A syndrome investigators are calling transient light sensitivity has been identified as a postoperative complication of IntraLase flap creation. The syndrome, which does not affect visual acuity, is seen in less than 1% of patients and typically resolves with a short, aggressive course of steroids.
Some users of the IntraLase femtosecond laser keratome first noticed the complication when they began working with the system more than 2 years ago. Since then, the phenomenon has gone under multiple names.
?Patients would walk into the office with two pairs of sunglasses on and a baseball cap,? said Brian R. Will, MD, director of Will Vision & Laser Centers in Vancouver, Wash. ?No one knew what to make of the symptoms ? light sensitivity, preserved visual acuity and no slit-lamp findings.?
Dr. Will coined the term track-related iridocyclitis and scleritis (TRISC) syndrome to describe the condition he thought was due to gas bubbles and debris migrating toward the limbus during LASIK with IntraLase.
Karl G. Stonecipher, MD, another early user of IntraLase, called the syndrome good acuity plus photophobia (GAPP). ?It?s similar to the late-onset inflammation we once saw with PRK,? Dr. Stonecipher, of Greensboro, N.C., told Ocular Surgery News. He believed that the inflammation was due to activated keratocytes in the interface.
As time passed, speculation grew among users. Surgeons became concerned about the cause and identity of the rare aftereffect of IntraLase flap creation.
?It was scary when we didn?t know what it was ? frightening to the surgeon and the patient,? said Daniel S. Durrie, MD, director of Durrie Vision in Overland Park, Kan.
Transient light sensitivity
In July, IntraLase surveyed users of its system and discovered that the apparent photophobia phenomenon was unique to LASIK cases using IntraLase for creation of the flap.
?Transient light sensitivity, or TLS, is the term coined by IntraLase to describe the complication,? Dr. Durrie said.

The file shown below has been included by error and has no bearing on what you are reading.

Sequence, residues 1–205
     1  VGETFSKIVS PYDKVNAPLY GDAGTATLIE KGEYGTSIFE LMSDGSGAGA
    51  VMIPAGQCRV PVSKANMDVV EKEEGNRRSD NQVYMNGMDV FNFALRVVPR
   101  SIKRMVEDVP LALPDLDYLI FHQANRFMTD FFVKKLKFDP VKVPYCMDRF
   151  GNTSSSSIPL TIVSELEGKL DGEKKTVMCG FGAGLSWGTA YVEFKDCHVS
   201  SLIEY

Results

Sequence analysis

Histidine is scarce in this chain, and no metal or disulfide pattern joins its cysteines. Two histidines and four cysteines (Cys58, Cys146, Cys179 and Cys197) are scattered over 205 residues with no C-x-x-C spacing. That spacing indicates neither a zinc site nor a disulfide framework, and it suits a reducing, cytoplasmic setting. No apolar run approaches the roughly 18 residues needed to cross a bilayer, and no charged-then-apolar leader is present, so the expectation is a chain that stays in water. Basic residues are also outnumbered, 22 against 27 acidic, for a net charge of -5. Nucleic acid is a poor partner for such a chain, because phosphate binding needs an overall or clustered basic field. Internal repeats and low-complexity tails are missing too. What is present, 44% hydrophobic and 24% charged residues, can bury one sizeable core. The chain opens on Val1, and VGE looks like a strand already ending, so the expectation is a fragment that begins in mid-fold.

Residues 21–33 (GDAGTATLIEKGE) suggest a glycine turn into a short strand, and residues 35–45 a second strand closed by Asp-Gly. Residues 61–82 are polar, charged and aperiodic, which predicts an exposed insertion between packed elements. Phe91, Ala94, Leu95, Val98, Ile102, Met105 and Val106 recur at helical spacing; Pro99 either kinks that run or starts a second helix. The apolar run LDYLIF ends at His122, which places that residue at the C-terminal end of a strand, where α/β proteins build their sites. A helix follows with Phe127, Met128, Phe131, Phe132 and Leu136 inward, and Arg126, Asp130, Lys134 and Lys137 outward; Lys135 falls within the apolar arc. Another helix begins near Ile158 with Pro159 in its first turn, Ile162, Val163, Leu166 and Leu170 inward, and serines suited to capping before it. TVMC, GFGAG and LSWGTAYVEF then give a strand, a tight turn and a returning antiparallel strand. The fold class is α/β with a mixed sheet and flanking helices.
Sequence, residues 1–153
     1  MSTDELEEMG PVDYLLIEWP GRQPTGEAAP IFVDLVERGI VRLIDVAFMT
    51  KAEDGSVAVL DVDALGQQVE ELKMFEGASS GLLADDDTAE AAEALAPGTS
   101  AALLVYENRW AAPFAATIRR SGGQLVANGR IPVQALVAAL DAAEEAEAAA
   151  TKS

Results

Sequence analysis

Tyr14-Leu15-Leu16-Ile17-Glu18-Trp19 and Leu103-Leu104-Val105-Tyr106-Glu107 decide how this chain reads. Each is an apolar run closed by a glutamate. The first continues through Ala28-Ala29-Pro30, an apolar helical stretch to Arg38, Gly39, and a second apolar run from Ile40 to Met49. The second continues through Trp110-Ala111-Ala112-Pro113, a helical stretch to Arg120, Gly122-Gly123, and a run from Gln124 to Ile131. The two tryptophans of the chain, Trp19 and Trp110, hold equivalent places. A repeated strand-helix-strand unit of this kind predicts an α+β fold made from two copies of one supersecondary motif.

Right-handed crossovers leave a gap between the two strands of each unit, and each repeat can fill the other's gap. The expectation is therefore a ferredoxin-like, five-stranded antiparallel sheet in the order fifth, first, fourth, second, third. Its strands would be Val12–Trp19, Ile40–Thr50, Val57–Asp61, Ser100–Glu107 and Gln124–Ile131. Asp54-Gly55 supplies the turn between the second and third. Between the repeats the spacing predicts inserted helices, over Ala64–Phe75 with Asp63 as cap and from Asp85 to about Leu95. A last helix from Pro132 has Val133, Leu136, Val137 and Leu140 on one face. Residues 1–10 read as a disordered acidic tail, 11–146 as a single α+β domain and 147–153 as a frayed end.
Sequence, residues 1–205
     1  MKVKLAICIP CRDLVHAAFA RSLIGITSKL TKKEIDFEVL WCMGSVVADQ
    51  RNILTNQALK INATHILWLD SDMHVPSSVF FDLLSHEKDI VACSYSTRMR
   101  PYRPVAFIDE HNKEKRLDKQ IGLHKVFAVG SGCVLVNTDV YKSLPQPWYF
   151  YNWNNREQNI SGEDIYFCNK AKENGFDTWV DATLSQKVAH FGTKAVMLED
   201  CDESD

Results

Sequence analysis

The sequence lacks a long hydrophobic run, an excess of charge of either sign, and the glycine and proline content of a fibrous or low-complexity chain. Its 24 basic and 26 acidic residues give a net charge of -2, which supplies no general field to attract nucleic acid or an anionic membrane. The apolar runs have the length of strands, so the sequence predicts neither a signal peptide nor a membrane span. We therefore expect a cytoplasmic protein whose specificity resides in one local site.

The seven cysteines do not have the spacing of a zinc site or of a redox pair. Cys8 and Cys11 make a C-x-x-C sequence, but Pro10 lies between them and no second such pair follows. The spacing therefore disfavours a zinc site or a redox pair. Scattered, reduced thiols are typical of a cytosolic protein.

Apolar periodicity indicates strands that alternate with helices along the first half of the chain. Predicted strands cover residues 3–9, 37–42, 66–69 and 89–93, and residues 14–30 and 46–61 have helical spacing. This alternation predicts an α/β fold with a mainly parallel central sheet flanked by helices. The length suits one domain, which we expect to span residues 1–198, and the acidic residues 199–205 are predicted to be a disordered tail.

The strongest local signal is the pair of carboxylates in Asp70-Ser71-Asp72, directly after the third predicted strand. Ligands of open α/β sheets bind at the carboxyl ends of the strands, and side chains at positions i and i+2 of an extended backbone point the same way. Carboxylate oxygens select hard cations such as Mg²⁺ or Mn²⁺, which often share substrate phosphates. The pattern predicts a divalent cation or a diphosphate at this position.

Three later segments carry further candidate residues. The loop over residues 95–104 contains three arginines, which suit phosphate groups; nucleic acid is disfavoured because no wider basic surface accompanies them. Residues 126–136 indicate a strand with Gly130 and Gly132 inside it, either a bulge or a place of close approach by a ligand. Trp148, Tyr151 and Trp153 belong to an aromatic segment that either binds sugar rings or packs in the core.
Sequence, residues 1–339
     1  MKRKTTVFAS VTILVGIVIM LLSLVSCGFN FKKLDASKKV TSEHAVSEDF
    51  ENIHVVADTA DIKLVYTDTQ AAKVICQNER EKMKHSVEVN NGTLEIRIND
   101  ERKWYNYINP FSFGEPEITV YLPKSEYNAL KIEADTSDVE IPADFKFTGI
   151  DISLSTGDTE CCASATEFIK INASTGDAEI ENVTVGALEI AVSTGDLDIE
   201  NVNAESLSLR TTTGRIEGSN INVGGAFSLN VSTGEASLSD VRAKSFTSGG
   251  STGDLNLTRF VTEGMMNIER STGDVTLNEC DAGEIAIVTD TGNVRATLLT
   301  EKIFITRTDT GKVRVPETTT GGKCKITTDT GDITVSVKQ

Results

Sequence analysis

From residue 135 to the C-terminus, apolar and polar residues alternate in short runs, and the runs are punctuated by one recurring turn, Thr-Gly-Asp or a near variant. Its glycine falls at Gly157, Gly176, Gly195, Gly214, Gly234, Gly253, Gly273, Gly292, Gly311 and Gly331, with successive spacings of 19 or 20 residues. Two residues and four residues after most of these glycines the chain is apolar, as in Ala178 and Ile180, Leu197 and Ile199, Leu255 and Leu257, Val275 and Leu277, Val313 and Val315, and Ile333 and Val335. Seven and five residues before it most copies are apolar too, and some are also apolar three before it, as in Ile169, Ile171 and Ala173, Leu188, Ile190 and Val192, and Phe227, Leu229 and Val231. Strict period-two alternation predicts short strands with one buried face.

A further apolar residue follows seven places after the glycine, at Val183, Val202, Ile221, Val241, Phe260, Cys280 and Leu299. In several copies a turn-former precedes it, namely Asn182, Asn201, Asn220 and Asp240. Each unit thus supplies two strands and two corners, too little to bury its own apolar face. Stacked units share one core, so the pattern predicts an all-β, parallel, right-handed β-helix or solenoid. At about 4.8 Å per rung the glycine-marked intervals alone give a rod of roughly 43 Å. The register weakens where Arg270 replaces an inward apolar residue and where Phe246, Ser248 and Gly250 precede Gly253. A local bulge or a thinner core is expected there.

?Once TLS and an effective treatment for the syndrome were identified, it was a relief to everyone,? Dr. Will said. ?It was hard to treat something when you didn?t know what in the world it was.?
?Now that it?s been identified, it?s great,? Dr. Durrie said. ?When patients show signs, I can put a name to it, say, ?Oh, you have TLS. This is a known condition. It responds to steroids, and then it goes away for good.??
TLS symptoms manifest 2 to 6 weeks after surgery.
?Patients? eyes appear fine. There is no visual acuity loss, diffuse lamellar keratitis, redness, dry eye or inflammation inside or outside the eye ? just light sensitivity,? said Perry Binder, MD, of the GordonBinder Vision Institute in San Diego.
Photophobia can be mild to severe, depending on the duration of symptoms at the time patients present.
?When patients wait 3 to 4 weeks, photophobia is usually moderate and easily treated. But when they wait 6 to 8 weeks after first noticing the symptoms or the diagnosis is delayed, it?s usually much worse,? Dr. Will said. Light sensitivity typically occurs bilaterally and is more common in patients with blue irides, he noted.
Dr. Stonecipher noted a higher incidence of TLS among female patients. ?There is a female preponderance of 75%,? Dr. Stonecipher said.
Along with normal visual acuity, patients? anterior segments appear normal with no iritis, cellular flare, corneal staining or anomaly, episcleritis, or redness in the conjunctiva/sclera. Patients with severe photophobia may complain of pain on upward gaze, Dr. Will said.
Complete article is available at www.osnsupersite.com/default.asp?ID=8988
|Author:||Broken Eyes [ Mon Dec 12, 2005 12:52 pm ]|